Among the many moments of reckoning for the beauty industry in the past few years, Fenty Beauty’s 40-shade foundation launch set a new standard for diversity within color cosmetics — a true watershed moment that completely changed our expectations and standards for beauty brands. Similarly, the industry is now facing the truth about passé gender norms. A more inclusive perspective amongst younger consumers on gender and sexuality is calling the industry’s misogynistic history into question and potentially putting gendered beauty on the chopping block for good.
For centuries, makeup and skin care have been viewed as an integral part of femininity, but it’s likely not too surprising that this wasn’t always the case. All genders in ancient Egypt were well-known to have practiced various beautifying rituals as they had medical benefits and were closely linked with religious ideology. During certain regimes of ancient China, it was customary for male aristocrats to wear white face makeup to conceal imperfections and portray class status. And you only need to watch a Victorian-era period piece to be reminded of the powdered wigs and face paint favored by British men of the bourgeoisie.
It wasn’t until science and philosophy swept through Europe that beauty became not only seen as inferior but also associated with womanhood. “Westernization and colonization created our sense of what femininity and masculinity is,” explains David Yi, founder of skin care brand Good Light and author of Pretty Boys which shines a light on how beauty has transcended gender throughout history. “At the end of the 1700s, there was the scientific revolution. This is when men decided they wanted to separate from women. How they separated was to make a very explicit club where they only talked about science.” During what is now called the Great Male Renunciation, men rejected extravagant clothing and beauty practices in favor of more conservative dress. “Anything that had to do with makeup and beauty, or did not enhance science, reason, and politics, was considered feminine and less than.”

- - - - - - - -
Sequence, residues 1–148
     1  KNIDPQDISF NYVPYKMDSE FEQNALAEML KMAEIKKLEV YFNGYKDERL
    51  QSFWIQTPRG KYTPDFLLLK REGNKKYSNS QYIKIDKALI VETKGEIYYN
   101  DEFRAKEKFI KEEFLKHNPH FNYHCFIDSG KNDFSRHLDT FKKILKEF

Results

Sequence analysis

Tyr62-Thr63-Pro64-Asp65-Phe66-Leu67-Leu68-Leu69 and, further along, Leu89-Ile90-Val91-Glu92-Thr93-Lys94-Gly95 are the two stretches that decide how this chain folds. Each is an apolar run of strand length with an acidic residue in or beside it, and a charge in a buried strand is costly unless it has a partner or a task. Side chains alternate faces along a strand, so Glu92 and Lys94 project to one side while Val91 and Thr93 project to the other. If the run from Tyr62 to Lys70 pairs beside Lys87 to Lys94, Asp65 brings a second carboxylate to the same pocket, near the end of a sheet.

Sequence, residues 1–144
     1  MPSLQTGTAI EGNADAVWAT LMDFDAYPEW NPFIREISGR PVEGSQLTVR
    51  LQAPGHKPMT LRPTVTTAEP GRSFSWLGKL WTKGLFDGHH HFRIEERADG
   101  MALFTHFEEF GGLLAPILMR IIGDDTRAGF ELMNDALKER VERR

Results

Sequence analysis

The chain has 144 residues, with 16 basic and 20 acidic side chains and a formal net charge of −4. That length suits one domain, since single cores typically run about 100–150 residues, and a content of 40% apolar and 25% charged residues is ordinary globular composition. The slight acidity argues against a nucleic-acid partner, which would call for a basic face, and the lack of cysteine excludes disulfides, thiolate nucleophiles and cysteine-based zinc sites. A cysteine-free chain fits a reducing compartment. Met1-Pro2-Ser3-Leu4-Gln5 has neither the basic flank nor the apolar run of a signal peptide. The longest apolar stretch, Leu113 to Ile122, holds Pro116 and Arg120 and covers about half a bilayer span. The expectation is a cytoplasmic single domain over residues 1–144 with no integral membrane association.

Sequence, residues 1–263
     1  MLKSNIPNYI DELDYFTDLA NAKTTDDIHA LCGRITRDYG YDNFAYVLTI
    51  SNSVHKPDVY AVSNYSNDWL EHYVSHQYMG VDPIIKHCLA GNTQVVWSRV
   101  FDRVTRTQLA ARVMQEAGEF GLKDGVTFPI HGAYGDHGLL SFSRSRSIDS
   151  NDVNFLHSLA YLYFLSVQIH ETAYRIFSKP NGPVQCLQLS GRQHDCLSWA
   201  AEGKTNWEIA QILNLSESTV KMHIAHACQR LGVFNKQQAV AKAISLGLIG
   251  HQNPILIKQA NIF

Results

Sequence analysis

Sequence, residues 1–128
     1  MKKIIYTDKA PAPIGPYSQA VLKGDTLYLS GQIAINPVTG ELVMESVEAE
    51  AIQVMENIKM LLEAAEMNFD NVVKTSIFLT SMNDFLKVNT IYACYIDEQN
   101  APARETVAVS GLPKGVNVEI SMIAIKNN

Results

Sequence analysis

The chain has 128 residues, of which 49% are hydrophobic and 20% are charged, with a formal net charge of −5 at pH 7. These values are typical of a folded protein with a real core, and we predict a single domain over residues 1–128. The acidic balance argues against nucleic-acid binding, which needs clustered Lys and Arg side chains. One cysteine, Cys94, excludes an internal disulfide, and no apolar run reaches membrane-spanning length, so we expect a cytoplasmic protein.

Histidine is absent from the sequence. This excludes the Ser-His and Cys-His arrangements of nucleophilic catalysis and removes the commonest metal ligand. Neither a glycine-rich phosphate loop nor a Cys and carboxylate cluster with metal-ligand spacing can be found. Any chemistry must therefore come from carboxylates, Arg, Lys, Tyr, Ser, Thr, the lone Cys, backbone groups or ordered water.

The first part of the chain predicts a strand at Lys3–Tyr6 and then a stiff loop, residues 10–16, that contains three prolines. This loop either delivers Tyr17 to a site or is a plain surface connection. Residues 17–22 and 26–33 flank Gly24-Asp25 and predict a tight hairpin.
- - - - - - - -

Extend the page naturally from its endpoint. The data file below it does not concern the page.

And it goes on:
This phenomenon drew hard lines about gender norms that became influential across the West. When European powers began searching for new land to claim amongst cultures where conceptions of gender and sexuality were often more fluid, these ideals came with them. “With the 1800s came colonization and all these people rushing to plant flags on foreign soil,” says Yi. “They colonized the folks who were indigenous. Non-binary folks were killed or forced to conform to the binary [gender] system.”
Gender Norms & Modern Beauty
This history still reverberates throughout the beauty industry today. Product names, packaging, and marketing strategies emphasize rigid gender expectations by leaning into tropes like extended youth for women and strength and virility for men. “When we create a gendered beauty world there becomes an idea of right and wrong and a notion of how you should look,” says Dev Doee, Chief Creative Officer at Fluide Cosmetics. “Growing up I just thought that beauty and makeup wasn’t for me. Before I came into my queerness, I thought [that I couldn’t use makeup] because there wasn’t anyone [showing makeup on other gender identities]. It was something I needed at the time.”
The beauty binary ignores the nuance of gender and subsequently fails to meet many consumers’ true needs.
“Marketing teams have led primarily female audiences to believe they need more products than they actually do,” says Alexandra Keating, founder of body care brand UNI. “Regardless of gender, people want to feel good in their skin and feel that brands are creating great products that fit their needs. I’ve heard many stories of women whose husbands have stolen their products because they haven’t been able to find a ‘men’s’ product that works as well.”
In addition to wielding dangerous influence over our sense of self, gendered beauty products have monetary implications that support inequities. Price hikes on personal care products marketed to women — known as the Pink Tax — double down on the gender pay gap and further disenfranchise already vulnerable groups. In light of these realizations, seemingly innocuous pink packaging suddenly transforms into a symbol of larger societal issues.